HOW LONG DOES IT TAKE TO RECOVER AFTER THE OPERATION AND HOW SOON CAN I GO HOME?

It takes a minimum of 1 hour to recover from intravenous sedation with midazolam. The sedation practitioner will carefully monitor you to ensure that you are fit for discharge after 1 hour. Thereafter you may remain drowsy for a few hours and you will be given specific written and verbal instructions on what to do.

ARE THERE ANY SIDE EFFECTS OF SEDATION?

As with any medication, the use of sedative anaesthetic agents can result in side effects. However, the incidence of side effects with sedation are very rare and include unintended loss of consciousness, drowsiness, dizziness, shivering (4%), headaches (4%), and post sedation nausea & vomiting (0.7%).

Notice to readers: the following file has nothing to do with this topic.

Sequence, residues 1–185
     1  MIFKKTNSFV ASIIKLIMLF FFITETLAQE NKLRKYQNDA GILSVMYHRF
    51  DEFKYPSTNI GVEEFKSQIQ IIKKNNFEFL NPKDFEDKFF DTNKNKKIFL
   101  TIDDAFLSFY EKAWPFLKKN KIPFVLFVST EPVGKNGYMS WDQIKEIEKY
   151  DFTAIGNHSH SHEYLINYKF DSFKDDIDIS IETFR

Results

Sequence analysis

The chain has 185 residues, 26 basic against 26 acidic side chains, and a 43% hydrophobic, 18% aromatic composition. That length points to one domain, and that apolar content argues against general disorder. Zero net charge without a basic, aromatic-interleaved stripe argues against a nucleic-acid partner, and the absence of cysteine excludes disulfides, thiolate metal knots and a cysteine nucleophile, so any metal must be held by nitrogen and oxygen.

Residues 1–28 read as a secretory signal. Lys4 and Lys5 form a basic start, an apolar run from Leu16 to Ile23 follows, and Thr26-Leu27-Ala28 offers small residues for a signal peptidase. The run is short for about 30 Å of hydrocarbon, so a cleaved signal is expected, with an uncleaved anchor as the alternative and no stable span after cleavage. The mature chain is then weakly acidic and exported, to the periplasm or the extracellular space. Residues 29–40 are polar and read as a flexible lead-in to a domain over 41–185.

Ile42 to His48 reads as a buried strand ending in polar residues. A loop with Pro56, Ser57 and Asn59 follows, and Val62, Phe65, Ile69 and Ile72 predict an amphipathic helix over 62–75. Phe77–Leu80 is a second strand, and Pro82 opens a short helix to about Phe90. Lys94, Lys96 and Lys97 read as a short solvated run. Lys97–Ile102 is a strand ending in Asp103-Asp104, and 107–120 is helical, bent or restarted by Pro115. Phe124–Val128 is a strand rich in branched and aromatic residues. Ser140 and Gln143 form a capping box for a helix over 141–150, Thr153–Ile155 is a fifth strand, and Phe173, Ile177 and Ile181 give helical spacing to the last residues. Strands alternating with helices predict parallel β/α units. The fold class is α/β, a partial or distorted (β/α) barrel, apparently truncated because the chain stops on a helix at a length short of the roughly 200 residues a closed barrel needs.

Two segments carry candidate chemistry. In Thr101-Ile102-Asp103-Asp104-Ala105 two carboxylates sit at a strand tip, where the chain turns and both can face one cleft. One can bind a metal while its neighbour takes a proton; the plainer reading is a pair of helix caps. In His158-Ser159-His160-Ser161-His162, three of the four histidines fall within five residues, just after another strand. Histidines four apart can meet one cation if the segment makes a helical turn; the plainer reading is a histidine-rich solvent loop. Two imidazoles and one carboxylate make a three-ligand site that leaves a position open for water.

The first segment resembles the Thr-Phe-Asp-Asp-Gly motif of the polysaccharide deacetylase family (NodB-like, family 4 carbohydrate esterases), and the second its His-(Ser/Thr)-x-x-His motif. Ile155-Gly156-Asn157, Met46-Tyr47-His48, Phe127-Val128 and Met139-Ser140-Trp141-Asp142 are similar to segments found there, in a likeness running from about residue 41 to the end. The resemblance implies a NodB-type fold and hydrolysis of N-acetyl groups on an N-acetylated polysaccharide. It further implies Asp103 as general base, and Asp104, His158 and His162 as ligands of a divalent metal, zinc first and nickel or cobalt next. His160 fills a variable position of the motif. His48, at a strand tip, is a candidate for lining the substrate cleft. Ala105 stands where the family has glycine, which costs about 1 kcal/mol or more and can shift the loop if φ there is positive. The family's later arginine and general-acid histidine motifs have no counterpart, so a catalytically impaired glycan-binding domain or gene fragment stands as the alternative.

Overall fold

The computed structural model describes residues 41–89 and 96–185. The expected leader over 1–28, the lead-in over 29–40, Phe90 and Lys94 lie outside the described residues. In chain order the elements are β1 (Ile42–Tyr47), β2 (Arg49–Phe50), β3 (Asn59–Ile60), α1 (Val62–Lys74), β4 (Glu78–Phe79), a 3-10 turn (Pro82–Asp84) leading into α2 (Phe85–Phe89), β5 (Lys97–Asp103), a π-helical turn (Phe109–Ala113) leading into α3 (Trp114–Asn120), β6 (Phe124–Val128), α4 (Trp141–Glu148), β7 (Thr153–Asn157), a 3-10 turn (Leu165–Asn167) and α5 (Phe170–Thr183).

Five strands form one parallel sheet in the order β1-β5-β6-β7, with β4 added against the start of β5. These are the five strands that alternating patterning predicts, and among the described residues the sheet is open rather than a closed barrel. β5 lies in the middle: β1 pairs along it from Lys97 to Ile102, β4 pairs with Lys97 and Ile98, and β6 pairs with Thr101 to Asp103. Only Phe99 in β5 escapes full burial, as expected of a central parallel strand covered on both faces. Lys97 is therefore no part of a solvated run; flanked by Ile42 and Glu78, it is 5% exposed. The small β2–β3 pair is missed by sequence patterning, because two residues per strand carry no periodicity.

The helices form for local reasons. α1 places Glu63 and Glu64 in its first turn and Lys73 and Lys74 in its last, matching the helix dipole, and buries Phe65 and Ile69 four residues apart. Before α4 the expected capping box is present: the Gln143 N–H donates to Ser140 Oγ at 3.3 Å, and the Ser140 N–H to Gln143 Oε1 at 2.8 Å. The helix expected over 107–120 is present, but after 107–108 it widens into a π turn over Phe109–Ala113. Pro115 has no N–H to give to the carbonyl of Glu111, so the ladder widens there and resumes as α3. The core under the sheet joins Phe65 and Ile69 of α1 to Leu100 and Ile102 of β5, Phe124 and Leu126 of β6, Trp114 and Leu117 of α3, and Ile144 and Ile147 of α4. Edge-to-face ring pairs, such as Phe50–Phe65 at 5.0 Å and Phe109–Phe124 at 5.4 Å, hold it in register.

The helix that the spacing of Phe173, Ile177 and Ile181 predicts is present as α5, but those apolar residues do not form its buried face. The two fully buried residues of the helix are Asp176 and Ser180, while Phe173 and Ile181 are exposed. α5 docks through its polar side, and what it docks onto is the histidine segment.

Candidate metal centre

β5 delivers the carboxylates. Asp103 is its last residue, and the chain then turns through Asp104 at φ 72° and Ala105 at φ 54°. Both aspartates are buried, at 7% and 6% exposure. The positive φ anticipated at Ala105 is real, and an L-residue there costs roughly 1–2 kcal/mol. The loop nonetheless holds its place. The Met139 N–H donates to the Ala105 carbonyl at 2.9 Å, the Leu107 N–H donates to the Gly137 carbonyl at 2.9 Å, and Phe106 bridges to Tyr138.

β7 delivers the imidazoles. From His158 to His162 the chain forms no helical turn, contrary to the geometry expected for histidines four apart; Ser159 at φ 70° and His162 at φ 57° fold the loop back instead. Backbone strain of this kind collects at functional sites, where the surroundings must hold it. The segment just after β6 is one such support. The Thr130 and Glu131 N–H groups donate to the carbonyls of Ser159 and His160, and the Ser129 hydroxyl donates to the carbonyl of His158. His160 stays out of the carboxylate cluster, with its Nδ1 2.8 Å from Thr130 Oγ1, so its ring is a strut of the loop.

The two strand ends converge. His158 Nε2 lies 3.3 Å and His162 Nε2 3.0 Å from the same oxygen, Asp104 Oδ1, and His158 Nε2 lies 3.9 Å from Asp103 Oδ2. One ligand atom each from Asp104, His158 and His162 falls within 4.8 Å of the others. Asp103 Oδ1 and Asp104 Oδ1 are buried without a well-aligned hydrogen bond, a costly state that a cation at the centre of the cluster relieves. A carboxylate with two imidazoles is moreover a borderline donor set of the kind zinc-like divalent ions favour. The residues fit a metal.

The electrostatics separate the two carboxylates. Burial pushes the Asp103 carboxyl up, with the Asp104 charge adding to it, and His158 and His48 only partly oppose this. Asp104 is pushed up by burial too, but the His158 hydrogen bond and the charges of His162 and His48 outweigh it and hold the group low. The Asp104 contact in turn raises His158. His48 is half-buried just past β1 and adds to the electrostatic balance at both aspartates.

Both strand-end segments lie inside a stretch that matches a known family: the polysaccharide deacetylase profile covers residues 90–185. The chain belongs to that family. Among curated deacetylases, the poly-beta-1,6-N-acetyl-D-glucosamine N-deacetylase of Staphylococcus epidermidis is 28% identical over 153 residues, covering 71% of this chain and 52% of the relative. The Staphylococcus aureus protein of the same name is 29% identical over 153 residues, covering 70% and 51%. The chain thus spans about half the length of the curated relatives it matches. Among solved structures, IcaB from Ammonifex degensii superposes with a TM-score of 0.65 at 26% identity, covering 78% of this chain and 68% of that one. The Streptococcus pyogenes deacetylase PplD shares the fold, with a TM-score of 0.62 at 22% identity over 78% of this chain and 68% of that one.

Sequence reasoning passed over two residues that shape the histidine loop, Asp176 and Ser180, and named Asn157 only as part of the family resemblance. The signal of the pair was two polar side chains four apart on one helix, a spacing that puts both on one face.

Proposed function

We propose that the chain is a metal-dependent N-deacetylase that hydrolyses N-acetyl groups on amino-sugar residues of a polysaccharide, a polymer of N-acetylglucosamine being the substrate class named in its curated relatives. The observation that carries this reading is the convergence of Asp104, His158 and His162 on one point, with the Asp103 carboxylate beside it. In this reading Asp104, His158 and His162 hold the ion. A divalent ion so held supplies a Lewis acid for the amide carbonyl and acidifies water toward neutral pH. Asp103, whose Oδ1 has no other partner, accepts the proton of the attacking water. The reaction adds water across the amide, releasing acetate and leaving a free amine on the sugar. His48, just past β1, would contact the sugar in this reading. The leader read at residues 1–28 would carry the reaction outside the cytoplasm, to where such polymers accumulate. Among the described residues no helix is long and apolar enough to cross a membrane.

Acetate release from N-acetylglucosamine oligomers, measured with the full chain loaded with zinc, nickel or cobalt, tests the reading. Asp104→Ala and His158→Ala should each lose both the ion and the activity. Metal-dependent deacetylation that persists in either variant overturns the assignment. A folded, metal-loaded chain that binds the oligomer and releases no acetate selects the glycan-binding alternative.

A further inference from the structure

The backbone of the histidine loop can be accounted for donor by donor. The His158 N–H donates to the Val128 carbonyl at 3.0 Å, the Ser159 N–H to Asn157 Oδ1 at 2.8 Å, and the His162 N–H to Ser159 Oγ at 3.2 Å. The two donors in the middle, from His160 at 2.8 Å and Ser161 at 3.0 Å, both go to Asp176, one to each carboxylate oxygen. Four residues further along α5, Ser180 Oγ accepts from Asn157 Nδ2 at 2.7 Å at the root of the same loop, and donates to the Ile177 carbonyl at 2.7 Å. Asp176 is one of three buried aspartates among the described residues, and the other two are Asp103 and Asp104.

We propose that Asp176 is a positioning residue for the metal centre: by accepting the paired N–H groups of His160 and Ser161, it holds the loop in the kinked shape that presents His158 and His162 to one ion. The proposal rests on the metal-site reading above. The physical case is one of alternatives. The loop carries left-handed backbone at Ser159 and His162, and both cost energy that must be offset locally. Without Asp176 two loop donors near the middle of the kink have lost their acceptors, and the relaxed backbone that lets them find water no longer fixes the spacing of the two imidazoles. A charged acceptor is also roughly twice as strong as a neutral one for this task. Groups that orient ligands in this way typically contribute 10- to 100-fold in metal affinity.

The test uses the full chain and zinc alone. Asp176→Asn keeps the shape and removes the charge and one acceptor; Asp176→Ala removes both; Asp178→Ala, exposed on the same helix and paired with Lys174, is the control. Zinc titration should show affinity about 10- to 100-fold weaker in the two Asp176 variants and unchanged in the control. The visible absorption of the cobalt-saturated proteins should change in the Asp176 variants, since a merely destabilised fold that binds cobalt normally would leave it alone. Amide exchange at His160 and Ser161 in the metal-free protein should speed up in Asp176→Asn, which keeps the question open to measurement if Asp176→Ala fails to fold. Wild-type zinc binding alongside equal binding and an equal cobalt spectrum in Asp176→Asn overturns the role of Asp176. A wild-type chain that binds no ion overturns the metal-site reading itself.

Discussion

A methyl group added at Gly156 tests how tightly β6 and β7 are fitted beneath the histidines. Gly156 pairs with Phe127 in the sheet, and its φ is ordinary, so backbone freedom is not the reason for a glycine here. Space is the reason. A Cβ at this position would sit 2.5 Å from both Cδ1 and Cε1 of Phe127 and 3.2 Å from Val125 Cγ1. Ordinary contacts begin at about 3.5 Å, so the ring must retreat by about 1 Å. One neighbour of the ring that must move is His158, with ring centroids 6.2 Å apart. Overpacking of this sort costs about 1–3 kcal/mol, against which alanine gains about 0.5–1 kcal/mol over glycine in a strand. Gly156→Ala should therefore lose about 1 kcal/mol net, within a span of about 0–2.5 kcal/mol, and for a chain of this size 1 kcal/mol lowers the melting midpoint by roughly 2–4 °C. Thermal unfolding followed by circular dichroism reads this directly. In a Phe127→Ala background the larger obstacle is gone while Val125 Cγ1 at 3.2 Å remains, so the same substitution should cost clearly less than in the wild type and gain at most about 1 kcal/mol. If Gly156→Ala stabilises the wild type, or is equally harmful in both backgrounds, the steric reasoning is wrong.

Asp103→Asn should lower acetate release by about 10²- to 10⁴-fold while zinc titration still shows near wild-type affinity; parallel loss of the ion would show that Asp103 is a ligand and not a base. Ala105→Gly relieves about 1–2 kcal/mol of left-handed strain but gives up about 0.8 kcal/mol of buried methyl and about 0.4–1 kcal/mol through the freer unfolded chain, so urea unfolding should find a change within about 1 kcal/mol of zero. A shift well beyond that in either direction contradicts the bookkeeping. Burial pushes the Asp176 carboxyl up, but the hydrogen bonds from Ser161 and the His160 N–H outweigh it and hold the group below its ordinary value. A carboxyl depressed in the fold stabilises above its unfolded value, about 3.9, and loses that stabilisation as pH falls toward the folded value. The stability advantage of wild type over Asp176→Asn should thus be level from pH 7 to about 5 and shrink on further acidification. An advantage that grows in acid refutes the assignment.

HOW SHOULD I SPEND MY TIME AT HOME RECOVERING AFTER THE PROCEDURE?

Elimination of the sedative agents from your body can take up to 24 hours. It is important during this time to rest and recover from the procedure. Therefore, however well you may feel, within that time you should NOT: 

• drive a vehicle (legal requirement and insurance would be void)

• cook or use electrical implements

• look after children

• sign important documents, cheques, etc

• operate any machinery 

• ride a bicycle, etc 

• make important decisions, etc 

• use alcohol, sleeping tablets, tobacco, abuse drugs 

• perform other complicated tasks or responsibilities 

You will not be allowed to drive yourself home, and you will not be able to leave the clinic or facility if there is not a responsible adult that can drive you home and take care of the post-operative recovery period. You should remain in the company of a responsible adult for 12 hours following the procedure.